One of the cool things about having kids is reliving my childhood memories. A simple Elliott or Ian smile can send me racing back to the magic of a Santa Clause moment or that very first roller coaster ride like it happened yesterday. And at my age, nothing other than the previous five minutes ever feels like it happened just yesterday.
One of the un-coolest things about having kids is they can just as quickly drag you kicking and screaming back to a nightmare you had assumed was long ago erased as a consolation prize of growing old.
It was my birthday. My seventh or eighth as best as I can recall. (When the boys drag me back to these nightmares they are never so kind as to provide details like dates and times). I was standing at the bus stop with a group kids when a dog approached us looking very intent on catching a ride to school with us. It wasn’t until the other children started easing away from the dog that I noticed he was an unusual looking dog.
He was a Pit Bull, I think. At least a hundred pounds, maybe closer to a thousand. I’ll admit, it even surprised me when my 40 pound frame managed to lift the dog up where I wanted him. As little as I like kissing dogs these days, almost as little as I like kissing the active end of a blow torch, I’m not sure why I wanted him positioned where I settled with him.
I noticed the other kids digging through their pockets looking for their iPhones to snap a picture and transmit what they were witnessing out on Facebook. Then I saw the disappointment sweep over them one by one as they realized they still lived in an age of 25 pound rotary dial telephones that were securely bolted to the walls in their kitchens or on desks in some hidden room in their house. And that social media gone viral was nothing more than a few extra guests for dinner. But all the same, I had their attention. And so I puckered up. Leaned over to kiss the behemoth. Then let out a squeal when the thankless monster clamped hold of my bottom lip like it was a long lost chew toy.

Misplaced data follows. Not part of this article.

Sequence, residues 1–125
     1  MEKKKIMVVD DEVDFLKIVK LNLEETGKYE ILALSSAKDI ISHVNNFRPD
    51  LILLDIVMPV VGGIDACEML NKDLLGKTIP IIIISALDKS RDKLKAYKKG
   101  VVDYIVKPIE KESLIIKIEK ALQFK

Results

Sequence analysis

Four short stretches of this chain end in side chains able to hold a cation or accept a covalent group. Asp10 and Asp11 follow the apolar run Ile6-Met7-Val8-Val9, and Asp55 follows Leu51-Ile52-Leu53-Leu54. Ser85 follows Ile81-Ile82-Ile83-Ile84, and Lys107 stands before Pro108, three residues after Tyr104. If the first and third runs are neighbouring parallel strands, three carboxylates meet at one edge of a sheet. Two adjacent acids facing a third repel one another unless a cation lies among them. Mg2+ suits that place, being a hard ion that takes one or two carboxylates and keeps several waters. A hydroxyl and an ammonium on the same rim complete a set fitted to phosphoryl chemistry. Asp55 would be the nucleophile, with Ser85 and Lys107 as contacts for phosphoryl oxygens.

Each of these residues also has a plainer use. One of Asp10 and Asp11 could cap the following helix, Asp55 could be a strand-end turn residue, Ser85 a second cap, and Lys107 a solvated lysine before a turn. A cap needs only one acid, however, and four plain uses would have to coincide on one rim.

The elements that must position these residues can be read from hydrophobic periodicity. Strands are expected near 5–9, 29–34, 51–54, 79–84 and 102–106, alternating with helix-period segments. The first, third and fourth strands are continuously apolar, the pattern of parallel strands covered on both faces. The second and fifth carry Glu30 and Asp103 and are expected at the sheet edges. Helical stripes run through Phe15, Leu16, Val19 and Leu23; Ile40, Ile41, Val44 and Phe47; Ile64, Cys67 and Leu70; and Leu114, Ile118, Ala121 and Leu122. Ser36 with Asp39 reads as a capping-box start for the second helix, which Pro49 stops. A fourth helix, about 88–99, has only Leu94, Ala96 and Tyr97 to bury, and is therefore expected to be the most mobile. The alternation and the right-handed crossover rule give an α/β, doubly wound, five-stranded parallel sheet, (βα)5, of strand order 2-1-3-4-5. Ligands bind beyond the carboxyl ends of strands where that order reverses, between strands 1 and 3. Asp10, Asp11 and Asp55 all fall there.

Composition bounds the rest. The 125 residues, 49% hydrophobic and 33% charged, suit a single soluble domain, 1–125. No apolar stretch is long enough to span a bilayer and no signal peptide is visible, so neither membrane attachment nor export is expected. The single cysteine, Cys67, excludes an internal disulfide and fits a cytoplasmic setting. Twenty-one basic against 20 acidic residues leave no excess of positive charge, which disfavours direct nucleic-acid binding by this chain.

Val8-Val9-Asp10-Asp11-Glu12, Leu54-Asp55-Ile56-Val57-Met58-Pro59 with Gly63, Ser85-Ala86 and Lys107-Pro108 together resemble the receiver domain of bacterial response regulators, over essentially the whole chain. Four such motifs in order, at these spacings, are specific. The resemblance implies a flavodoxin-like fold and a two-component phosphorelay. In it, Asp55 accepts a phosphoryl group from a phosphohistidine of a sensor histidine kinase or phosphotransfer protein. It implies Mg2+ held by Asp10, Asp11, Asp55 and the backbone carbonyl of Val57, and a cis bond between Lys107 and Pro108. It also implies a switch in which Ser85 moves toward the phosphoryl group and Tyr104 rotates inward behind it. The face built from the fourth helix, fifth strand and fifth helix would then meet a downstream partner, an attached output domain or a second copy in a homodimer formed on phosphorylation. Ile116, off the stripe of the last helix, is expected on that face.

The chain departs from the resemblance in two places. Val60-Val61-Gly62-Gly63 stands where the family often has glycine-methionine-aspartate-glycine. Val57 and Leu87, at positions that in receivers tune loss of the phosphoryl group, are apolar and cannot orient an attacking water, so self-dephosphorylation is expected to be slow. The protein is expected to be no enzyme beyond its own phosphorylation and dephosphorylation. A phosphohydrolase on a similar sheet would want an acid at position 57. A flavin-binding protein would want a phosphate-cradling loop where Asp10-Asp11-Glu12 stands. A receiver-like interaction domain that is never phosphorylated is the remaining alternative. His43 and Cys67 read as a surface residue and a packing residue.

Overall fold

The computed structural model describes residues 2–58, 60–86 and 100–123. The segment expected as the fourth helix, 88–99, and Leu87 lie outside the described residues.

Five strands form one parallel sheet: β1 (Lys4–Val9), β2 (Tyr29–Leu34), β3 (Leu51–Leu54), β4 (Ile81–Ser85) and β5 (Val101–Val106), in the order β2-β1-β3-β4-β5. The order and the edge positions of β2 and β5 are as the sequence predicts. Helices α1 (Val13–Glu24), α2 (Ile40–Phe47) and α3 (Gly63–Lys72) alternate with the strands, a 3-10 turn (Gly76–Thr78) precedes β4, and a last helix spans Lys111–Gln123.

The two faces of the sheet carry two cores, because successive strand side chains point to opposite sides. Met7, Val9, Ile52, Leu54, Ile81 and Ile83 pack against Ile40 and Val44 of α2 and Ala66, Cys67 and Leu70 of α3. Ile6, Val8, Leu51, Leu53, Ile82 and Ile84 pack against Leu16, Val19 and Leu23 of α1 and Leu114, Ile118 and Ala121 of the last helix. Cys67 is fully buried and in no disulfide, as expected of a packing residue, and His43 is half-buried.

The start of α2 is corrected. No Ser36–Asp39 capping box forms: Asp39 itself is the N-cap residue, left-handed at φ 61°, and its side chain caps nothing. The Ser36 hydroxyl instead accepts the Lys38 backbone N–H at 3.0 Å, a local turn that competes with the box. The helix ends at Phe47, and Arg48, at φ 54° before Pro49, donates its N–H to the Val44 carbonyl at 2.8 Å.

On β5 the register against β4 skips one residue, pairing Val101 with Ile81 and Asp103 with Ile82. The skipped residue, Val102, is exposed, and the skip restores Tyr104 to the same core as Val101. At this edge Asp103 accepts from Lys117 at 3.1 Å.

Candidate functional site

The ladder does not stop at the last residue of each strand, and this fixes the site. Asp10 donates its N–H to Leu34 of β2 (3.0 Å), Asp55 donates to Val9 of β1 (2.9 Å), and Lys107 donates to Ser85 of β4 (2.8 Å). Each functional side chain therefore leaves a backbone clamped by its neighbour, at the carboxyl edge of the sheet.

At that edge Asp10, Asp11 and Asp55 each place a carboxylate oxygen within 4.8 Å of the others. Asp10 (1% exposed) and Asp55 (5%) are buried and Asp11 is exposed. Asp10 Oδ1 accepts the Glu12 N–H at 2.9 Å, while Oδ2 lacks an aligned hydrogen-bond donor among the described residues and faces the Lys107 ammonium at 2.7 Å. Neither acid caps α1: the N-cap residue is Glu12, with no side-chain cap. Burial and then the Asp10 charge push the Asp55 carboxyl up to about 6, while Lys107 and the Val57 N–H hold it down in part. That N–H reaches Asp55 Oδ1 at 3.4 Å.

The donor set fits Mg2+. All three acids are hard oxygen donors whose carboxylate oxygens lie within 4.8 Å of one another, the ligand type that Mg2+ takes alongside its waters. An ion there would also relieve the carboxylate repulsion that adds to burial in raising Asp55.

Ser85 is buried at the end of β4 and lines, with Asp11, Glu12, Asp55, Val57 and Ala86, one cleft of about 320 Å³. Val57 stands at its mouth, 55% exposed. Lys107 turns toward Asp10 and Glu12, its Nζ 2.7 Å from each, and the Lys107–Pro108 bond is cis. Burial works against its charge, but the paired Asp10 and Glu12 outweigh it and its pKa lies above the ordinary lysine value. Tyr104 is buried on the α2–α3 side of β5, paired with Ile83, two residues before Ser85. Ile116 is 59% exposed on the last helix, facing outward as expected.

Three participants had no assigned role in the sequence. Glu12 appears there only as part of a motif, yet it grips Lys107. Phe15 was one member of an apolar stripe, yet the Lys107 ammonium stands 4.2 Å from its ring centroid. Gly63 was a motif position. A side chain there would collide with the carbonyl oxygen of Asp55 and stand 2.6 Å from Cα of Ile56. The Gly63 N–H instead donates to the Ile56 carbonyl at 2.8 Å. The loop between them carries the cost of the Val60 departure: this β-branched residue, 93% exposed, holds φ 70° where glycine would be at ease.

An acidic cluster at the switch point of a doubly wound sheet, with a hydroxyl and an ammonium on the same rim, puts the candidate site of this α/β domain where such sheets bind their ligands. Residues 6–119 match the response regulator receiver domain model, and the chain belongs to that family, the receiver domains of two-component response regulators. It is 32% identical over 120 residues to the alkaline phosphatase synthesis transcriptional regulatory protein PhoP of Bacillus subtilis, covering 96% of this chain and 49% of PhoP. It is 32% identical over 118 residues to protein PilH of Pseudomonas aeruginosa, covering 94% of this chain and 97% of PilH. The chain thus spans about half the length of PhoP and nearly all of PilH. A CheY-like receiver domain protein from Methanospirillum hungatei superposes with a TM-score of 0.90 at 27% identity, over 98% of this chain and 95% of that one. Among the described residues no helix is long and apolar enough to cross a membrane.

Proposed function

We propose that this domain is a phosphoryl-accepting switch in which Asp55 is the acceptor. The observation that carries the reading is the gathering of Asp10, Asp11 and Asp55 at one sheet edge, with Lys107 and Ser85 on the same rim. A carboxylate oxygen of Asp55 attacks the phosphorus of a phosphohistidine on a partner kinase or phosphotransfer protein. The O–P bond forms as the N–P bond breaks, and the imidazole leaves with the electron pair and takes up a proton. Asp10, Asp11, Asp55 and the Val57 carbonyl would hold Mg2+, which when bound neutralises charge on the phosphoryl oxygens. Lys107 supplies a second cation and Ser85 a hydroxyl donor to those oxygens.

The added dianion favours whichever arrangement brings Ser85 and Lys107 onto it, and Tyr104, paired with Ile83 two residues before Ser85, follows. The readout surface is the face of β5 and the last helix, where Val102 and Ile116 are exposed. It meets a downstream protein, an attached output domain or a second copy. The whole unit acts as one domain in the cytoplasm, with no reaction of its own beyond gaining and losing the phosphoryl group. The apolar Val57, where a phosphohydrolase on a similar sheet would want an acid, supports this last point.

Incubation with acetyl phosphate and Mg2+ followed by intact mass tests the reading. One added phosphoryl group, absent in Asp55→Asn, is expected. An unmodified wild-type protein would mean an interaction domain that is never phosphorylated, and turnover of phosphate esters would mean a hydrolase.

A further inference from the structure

I’d like to say the next part of this story involved an ambulance ride or frantic calls for a lip donor. But the next thing I recall is sitting on an examination table at the doctor’s office where my grandmother was a nurse. And for a moment I felt better. I was about to embrace the sympathy of a grandmother dealing with the pain and suffering of her only grandson.
“Why on earth would you pick up a stray puppy? Don’t you know they can get a little wild with their licking?” she asked, making no attempt to hold back the laughter.
So much for sympathy.
Then, like something right out of a Stephen King novel, my grandmother came at me with a needle. She drove it through my bottom lip like she was spearing fish. The look on my face was like the one frozen on the face of a man the instant before he fully absorbs the impact of an oncoming tractor trailer. Only this needle was much larger than a tractor or any trailer I had ever seen. I let out a scream that took over the airwaves for three city blocks. I know this because a dozen people representing each of those blocks appeared out of the blue and helped my grandmother hold me down while she chanted something about numbing me. To this day I have never felt anything more opposite of numbing.